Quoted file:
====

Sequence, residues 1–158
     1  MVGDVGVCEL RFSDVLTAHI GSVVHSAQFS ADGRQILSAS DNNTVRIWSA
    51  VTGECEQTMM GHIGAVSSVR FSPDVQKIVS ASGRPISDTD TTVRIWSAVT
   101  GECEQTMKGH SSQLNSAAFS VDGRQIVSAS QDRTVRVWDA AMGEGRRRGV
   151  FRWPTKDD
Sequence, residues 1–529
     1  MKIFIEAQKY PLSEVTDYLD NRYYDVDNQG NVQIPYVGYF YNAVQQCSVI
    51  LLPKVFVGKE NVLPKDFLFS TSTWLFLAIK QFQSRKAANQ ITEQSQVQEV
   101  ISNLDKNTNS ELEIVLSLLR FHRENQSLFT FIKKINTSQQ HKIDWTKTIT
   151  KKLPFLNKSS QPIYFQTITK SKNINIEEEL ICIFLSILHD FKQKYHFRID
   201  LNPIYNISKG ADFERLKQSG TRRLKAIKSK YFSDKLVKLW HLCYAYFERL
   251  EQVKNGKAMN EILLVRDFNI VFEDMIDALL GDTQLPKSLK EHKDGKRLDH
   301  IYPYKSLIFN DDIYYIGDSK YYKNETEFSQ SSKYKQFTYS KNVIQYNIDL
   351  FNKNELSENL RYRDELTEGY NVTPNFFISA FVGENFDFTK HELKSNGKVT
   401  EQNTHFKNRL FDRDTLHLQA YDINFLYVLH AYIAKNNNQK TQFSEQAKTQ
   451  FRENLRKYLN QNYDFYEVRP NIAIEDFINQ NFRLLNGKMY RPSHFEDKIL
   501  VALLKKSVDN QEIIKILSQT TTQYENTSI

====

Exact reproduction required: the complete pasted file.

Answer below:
Sequence, residues 1–158
     1  MVGDVGVCEL RFSDVLTAHI GSVVHSAQFS ADGRQILSAS DNNTVRIWSA
    51  VTGECEQTMM GHIGAVSSVR FSPDVQKIVS ASGRPISDTD TTVRIWSAVT
   101  GECEQTMKGH SSQLNSAAFS VDGRQIVSAS QDRTVRVWDA AMGEGRRRGV
   151  FRWPTKDD
Sequence, residues 1–529
     1  MKIFIEAQKY PLSEVTDYLD NRYYDVDNQG NVQIPYVGYF YNAVQQCSVI
    51  LLPKVFVGKE NVLPKDFLFS TSTWLFLAIK QFQSRKAANQ ITEQSQVQEV
   101  ISNLDKNTNS ELEIVLSLLR FHRENQSLFT FIKKINTSQQ HKIDWTKTIT
   151  KKLPFLNKSS QPIYFQTITK SKNINIEEEL ICIFLSILHD FKQKYHFRID
   201  LNPIYNISKG ADFERLKQSG TRRLKAIKSK YFSDKLVKLW HLCYAYFERL
   251  EQVKNGKAMN EILLVRDFNI VFEDMIDALL GDTQLPKSLK EHKDGKRLDH
   301  IYPYKSLIFN DDIYYIGDSK YYKNETEFSQ SSKYKQFTYS KNVIQYNIDL
   351  FNKNELSENL RYRDELTEGY NVTPNFFISA FVGENFDFTK HELKSNGKVT
   401  EQNTHFKNRL FDRDTLHLQA YDINFLYVLH AYIAKNNNQK TQFSEQAKTQ
   451  FRENLRKYLN QNYDFYEVRP NIAIEDFINQ NFRLLNGKMY RPSHFEDKIL
   501  VALLKKSVDN QEIIKILSQT TTQYENTSI